For the first time in the series, "Mortal Kombat: Deception" allows online battles on both the Xbox and PlayStation 2. It also ships with several mini-games including a particularly violent (and hilarious) version of chess, a puzzle game and a rather lame adventure game.

What's missing from the series' most ambitious package to date is the controversy. The fact is that the gore the original "Mortal Kombat" helped introduce has been literally done to death over the last decade.

Looking for something new, I actually found it in a complimentary copy of Sun Tzu's "The Art of War" that some PR person packaged along with my press review copy of the game:

Hence to fight and conquer in all your battles is not supreme excellence; supreme excellence consists in breaking the enemy's resistance without fighting.

"Boktai 2: Solar Boy Django"
Nintendo Game Boy
Rated T for Teens

Last year game maker Konami solved the parental worry that children were spending too much time inside playing video games by attaching a small solar sensor to the cartridge of "Boktai: The Sun is in Your Hands," the vampire-hunting game for the Game Boy.

Konami
The sun bar at the bottom of the screen measures the players exposure to sunlight.

The sensor made gameplay contingent on the player's physical surroundings. Killing vampires and gaining health required that game hero stayed fully stocked up on solar energy. And the most effective way to build up on solar energy was for junior to waddle outside with the Game Boy and expose the battery to natural light.

"Boktai 2: Solar Boy Django" is more of the same. Natural light allows Django to store up energy, practice magic on attacking zombies, forge weapons and, in a nice touch, expose traps that would otherwise have remained hidden if the scene was played indoors.  

A built-in-clock further tightens the bond between the game and reality. When it's nighttime in the real world, it's dark in the game and the zombies are more active.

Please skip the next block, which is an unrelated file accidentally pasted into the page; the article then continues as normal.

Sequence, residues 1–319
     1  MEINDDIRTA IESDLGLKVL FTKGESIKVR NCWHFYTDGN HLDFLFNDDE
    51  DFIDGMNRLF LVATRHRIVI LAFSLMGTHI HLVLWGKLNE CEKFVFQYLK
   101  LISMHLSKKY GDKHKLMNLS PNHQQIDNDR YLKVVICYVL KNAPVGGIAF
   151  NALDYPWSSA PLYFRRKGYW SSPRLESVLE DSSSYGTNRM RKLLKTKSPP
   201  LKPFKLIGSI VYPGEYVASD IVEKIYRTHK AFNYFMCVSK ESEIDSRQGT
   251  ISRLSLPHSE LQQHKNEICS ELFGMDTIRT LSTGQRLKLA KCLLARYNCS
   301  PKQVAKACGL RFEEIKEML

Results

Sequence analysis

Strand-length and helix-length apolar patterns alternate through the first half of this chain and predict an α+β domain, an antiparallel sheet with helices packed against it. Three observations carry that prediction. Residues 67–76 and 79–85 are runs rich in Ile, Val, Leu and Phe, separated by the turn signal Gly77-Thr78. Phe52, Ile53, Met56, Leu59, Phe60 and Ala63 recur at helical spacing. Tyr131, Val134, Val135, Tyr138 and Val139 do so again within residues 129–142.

While rated T for Teens, "Boktai 2" is not really a scary game. There are enough small tasks built-in to keep the Game Boy generation immersed in play: food to acquire, maps to explore and assets to allocate.  And this being a Konami game, there are plenty of strange Japanese-to-English mistranslations that make navigating the story as tricky as navigating the dungeons. 

"Godzilla: Save the Earth"
Sony PlayStation 2, Microsoft Xbox
Rated T for Teens

From Atari comes another fighting game, this one starring the monsters of Japan's Toho Studios, the creators of Godzilla and dozens of other rubber-suited monsters.

The premise for "Godzilla: Save the Earth" involves an alien race hoping to harvest the cells of earth's monsters for a super weapon.  Somehow this sets the stage for the fighting sequences.

Players can choose from over a dozen monsters including Godzilla, Mothra, Rodan and a number of additional Toho monsters that never appeared on my local Saturday afternoon "Chiller Diller."

Like the rubber-suited versions, the digital versions are slow and ponderous.  It is unclear whether this was intentional to mimic the films or if it was the result of faulty programming.  But a fighting game where responses are slow can be a frustrating experience no matter the realism it represents.

Buildings collapse and freeways buckle as the monsters do battle.  Again, the effects look as 'realistic' as they did in the films where viewers could practically read 'This side up' printed on the cardboard buildings.  Is this intentional?  I'm not sure, but buildings were far more realistic -- and thus, more fun to destroy -- in the arcade classic, "Rampage."

A multiplayer component extends playability, but like the original Toho films, "Godzilla: Save the Earth" can be enjoyed and forgotten in a couple Saturday afternoon sessions.